Two clones of highly antibiotic-resistant organism strains, which previously had only been identified in the United States, are now causing serious sickness and death in several Colombian cities including the capital Bogotá, say researchers at The University of Texas Medical School at Houston. The study, done in collaboration with Universidad El Bosque in Bogotá, is presented in a research letter published in the Nov. 13 issue of the New England Journal of Medicine.
U.S. clones of methicillin-resistant Staphylococcus aureus (MRSA) and vancomycin-resistant Enterococcus faecalis (VREF) have emerged in communities across Colombia. The variation of the MRSA clone, referred to as the USA 300, has been previously reported to be the most important cause of severe skin and soft tissue infections in the United States. The VREF clone is genetically related to a strain that hit a Houston hospital in 1994.
In Colombia before 2005, there were no recorded cases of any community-associated MRSA infections, including USA 300 MRSA. In 2005, there were two: one in Bogotá and one in the city of Villavicencio. Now the number of MRSA infections is climbing across the country. The paper reports a total of 15 infections, some of which were documented in two additional cities between 2006 and 2007, said Cesar A. Arias, M.D., Ph.D., assistant professor of infectious diseases at the UT Medical School at Houston.
The first case of VREF was reported in Bogotá in 2001. Since then, 50 additional cases have been identified at seven hospitals.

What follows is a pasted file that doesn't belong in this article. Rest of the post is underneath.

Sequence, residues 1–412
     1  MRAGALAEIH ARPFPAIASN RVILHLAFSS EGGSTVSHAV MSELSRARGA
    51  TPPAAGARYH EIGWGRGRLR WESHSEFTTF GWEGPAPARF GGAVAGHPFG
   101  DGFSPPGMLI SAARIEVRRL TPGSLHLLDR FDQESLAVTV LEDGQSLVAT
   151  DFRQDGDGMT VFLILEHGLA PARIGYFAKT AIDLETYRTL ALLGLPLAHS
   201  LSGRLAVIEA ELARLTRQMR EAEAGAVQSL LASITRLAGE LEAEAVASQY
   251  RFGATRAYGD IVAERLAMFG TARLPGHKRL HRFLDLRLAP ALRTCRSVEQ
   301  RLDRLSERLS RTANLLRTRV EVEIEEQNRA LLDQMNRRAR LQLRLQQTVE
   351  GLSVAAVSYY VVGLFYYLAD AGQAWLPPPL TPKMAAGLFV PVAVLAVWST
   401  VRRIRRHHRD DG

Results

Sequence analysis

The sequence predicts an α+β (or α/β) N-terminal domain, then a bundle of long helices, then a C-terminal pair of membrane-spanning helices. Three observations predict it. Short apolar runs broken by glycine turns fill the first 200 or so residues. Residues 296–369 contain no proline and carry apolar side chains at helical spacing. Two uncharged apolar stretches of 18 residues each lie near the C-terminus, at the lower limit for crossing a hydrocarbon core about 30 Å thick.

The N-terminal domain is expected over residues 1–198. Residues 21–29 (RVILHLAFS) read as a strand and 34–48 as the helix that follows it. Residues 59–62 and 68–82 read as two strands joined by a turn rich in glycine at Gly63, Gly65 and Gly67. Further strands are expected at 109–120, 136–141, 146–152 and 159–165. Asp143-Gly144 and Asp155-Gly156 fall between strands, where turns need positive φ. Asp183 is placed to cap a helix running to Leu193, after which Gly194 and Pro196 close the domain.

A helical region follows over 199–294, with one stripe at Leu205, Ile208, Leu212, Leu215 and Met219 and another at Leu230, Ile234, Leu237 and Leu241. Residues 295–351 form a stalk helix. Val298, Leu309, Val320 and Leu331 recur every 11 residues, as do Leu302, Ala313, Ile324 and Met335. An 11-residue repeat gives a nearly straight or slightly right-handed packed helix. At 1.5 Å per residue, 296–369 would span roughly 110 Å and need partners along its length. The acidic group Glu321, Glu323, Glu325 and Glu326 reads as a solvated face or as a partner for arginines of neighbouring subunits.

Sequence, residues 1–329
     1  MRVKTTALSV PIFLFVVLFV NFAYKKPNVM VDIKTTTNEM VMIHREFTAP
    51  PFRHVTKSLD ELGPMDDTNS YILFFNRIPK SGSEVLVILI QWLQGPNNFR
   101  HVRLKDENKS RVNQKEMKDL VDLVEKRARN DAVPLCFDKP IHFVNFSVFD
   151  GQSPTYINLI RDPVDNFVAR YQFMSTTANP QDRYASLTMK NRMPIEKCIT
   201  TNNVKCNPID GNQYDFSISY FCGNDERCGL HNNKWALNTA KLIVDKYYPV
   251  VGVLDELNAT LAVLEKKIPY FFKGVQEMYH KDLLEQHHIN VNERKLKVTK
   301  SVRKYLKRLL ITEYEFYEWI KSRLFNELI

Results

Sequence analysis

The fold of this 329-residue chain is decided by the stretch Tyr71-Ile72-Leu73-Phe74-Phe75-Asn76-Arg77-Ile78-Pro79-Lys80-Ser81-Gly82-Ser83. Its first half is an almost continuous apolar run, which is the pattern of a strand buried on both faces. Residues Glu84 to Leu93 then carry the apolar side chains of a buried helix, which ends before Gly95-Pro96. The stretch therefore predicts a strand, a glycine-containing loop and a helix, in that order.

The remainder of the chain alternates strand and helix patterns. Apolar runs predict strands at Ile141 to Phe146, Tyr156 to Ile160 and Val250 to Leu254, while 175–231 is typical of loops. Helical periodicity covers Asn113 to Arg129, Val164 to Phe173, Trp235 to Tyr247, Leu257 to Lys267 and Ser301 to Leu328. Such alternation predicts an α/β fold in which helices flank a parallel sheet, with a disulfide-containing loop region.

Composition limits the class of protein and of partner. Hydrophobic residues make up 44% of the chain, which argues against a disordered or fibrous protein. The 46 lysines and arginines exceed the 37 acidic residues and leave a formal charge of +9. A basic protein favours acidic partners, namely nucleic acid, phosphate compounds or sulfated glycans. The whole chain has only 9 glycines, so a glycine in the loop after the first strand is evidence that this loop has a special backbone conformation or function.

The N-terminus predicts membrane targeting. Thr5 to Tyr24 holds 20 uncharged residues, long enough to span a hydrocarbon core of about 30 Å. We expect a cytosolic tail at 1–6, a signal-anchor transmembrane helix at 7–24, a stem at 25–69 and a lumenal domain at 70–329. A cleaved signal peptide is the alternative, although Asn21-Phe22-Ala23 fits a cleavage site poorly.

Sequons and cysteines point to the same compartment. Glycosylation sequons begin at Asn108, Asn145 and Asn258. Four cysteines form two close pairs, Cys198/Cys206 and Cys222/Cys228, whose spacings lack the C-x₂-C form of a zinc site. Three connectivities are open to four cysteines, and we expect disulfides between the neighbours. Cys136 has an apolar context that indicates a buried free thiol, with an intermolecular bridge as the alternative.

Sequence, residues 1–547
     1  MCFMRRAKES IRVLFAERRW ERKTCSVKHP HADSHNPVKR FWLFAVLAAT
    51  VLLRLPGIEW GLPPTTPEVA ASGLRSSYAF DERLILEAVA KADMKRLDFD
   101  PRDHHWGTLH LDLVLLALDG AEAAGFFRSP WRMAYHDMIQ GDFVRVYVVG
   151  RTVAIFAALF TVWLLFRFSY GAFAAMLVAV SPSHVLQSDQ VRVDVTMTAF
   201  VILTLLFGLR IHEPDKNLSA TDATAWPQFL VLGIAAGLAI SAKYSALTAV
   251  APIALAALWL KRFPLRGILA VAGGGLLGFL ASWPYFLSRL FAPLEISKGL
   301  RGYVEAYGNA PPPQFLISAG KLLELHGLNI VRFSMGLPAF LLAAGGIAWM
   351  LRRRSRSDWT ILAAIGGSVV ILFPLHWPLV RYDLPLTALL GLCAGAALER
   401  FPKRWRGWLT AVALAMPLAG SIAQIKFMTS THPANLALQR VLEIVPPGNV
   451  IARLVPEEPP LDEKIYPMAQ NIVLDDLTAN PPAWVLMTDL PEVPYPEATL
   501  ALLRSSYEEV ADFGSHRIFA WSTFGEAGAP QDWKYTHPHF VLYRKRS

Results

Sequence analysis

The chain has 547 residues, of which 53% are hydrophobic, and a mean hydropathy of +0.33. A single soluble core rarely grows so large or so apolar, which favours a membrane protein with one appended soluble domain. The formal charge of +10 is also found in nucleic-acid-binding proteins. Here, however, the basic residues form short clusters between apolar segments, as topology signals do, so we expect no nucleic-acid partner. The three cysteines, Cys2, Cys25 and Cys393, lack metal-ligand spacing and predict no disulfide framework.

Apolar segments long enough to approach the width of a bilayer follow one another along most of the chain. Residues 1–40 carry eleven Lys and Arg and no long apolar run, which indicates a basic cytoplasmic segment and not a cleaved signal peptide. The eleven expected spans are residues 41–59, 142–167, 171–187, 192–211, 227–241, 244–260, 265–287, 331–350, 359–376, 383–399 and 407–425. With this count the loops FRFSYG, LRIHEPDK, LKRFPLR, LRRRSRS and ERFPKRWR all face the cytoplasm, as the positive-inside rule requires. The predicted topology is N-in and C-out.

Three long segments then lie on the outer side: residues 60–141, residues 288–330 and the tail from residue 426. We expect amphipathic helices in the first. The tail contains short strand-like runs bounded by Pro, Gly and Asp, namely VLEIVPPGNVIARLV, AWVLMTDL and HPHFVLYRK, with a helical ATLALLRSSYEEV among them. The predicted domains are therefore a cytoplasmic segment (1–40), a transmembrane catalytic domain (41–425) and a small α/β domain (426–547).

"We are tracking and recording these cases to find the link between the U.S. and Colombia. The goal is to find out why and how these organisms got there. With this information, researchers hope to better understand the molecular epidemiology of these super bugs to understand how they spread and how to control them," Arias said. "The UT Medical School will continue to work with Latin American academic institutions to learn more about these antibiotic-resistant organisms."
All patients diagnosed with community-associated MRSA infections suffered severe skin and soft-tissue infections. Some patients also experienced death of tissue surrounding bones, bacteria in the bloodstream and meningitis, and 20 percent of the patients died. The MRSA infections were treatable with common antistaphylococcal antibiotics, although 40 percent were resistant to tetracycline.
Arias added that the USA 300 clone of MRSA has not only been found in Colombia. In a recent presentation at the annual meeting of the Interscience Conference on Antimicrobial Agents and Chemotherapy (ICAAC) and Infectious Disease Society of America in Washington, D.C., Arias shared the news that this clone has been recorded in multiple patients in Ecuador and Venezuela.
- PHYSICAL SCIENCES
- EARTH SCIENCES
- LIFE SCIENCES
- SOCIAL SCIENCES
Subscribe to the newsletter
Stay in touch with the scientific world!
Know Science And Want To Write?
- Is That A Real Patient Or A Junkie? Now There's An App For That
- You Are Ready To Eat Insects If You Have These Characteristics
- How The Higgs Became The Target Of Run 2 At The Tevatron
- How Neuroscience Is Being Used To Spread Quackery In Business And Education
- Global 'Roadmap' Shows Where To Put Roads Without Costing The Earth
- MOOCs: Learning About Online Learning, One Click At A Time
- Will We Meet ET Microbes On Mars? Why We Should Care Deeply About Them - Like Tigers
- "You guessed alright, that is a page from the book...Cheers,T...."
- "Dear Anon,in 1994 neutrinos were not the main focus of the lab...Cheers,T...."
- "I did not ignore your 4x4 matrices comment, as I explained in the very message you were replying..."
- "I do not know which P5 meeting you attended, but in the mind of the current fnal director, fnal..."
- "Cool. I really look forward for your book! I still remember the excitement of my times at fnal... K...."
- Geochronology and global context of the Charnian Supergroup
- Confirmation of a low pre-extensional geothermal gradient in the Grayback normal
- Scientists get set for simulated nuclear inspection
- Invisible blood in urine may indicate bladder cancer
- Sugar substance 'kills' good HDL cholesterol, new research finds